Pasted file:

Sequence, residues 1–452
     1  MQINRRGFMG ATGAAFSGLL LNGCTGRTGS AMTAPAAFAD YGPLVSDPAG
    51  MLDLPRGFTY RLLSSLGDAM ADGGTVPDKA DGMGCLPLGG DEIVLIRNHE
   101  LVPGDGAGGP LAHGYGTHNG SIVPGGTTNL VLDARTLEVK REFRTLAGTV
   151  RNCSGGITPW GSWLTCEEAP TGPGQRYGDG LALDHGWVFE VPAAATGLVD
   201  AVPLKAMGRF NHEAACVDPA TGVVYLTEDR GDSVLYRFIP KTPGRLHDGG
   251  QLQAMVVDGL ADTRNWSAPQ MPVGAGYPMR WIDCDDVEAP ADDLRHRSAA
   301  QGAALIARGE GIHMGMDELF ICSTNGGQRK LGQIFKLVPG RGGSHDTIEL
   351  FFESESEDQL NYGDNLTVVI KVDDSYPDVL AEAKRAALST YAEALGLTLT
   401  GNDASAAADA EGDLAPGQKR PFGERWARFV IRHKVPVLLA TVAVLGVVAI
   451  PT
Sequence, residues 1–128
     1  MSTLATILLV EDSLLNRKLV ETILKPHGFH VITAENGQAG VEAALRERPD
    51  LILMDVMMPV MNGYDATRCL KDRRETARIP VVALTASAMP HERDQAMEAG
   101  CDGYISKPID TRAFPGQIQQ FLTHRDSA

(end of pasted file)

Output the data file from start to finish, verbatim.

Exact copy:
Sequence, residues 1–452
     1  MQINRRGFMG ATGAAFSGLL LNGCTGRTGS AMTAPAAFAD YGPLVSDPAG
    51  MLDLPRGFTY RLLSSLGDAM ADGGTVPDKA DGMGCLPLGG DEIVLIRNHE
   101  LVPGDGAGGP LAHGYGTHNG SIVPGGTTNL VLDARTLEVK REFRTLAGTV
   151  RNCSGGITPW GSWLTCEEAP TGPGQRYGDG LALDHGWVFE VPAAATGLVD
   201  AVPLKAMGRF NHEAACVDPA TGVVYLTEDR GDSVLYRFIP KTPGRLHDGG
   251  QLQAMVVDGL ADTRNWSAPQ MPVGAGYPMR WIDCDDVEAP ADDLRHRSAA
   301  QGAALIARGE GIHMGMDELF ICSTNGGQRK LGQIFKLVPG RGGSHDTIEL
   351  FFESESEDQL NYGDNLTVVI KVDDSYPDVL AEAKRAALST YAEALGLTLT
   401  GNDASAAADA EGDLAPGQKR PFGERWARFV IRHKVPVLLA TVAVLGVVAI
   451  PT
Sequence, residues 1–128
     1  MSTLATILLV EDSLLNRKLV ETILKPHGFH VITAENGQAG VEAALRERPD
    51  LILMDVMMPV MNGYDATRCL KDRRETARIP VVALTASAMP HERDQAMEAG
   101  CDGYISKPID TRAFPGQIQQ FLTHRDSA